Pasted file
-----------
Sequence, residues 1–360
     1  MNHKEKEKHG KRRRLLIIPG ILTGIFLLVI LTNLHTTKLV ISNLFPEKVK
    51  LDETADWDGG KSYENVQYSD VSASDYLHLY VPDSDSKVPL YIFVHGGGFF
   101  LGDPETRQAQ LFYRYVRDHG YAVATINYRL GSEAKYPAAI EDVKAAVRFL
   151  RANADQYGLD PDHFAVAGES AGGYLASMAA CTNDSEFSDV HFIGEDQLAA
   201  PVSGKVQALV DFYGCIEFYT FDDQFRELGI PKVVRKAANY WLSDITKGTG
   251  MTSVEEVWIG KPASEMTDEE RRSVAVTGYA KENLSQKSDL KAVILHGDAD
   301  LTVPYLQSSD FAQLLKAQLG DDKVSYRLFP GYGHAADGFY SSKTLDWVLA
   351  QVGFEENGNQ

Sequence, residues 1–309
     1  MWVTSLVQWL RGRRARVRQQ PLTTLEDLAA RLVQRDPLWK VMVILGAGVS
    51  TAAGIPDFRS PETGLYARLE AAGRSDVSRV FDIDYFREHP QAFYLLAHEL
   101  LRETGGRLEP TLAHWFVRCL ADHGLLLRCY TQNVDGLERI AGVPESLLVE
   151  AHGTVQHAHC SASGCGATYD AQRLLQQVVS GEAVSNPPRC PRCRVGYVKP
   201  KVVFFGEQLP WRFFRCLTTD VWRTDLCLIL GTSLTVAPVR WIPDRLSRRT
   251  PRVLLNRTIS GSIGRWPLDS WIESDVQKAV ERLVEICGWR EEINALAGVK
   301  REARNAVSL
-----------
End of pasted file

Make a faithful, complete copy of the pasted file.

Sequence, residues 1–360
     1  MNHKEKEKHG KRRRLLIIPG ILTGIFLLVI LTNLHTTKLV ISNLFPEKVK
    51  LDETADWDGG KSYENVQYSD VSASDYLHLY VPDSDSKVPL YIFVHGGGFF
   101  LGDPETRQAQ LFYRYVRDHG YAVATINYRL GSEAKYPAAI EDVKAAVRFL
   151  RANADQYGLD PDHFAVAGES AGGYLASMAA CTNDSEFSDV HFIGEDQLAA
   201  PVSGKVQALV DFYGCIEFYT FDDQFRELGI PKVVRKAANY WLSDITKGTG
   251  MTSVEEVWIG KPASEMTDEE RRSVAVTGYA KENLSQKSDL KAVILHGDAD
   301  LTVPYLQSSD FAQLLKAQLG DDKVSYRLFP GYGHAADGFY SSKTLDWVLA
   351  QVGFEENGNQ

Sequence, residues 1–309
     1  MWVTSLVQWL RGRRARVRQQ PLTTLEDLAA RLVQRDPLWK VMVILGAGVS
    51  TAAGIPDFRS PETGLYARLE AAGRSDVSRV FDIDYFREHP QAFYLLAHEL
   101  LRETGGRLEP TLAHWFVRCL ADHGLLLRCY TQNVDGLERI AGVPESLLVE
   151  AHGTVQHAHC SASGCGATYD AQRLLQQVVS GEAVSNPPRC PRCRVGYVKP
   201  KVVFFGEQLP WRFFRCLTTD VWRTDLCLIL GTSLTVAPVR WIPDRLSRRT
   251  PRVLLNRTIS GSIGRWPLDS WIESDVQKAV ERLVEICGWR EEINALAGVK
   301  REARNAVSL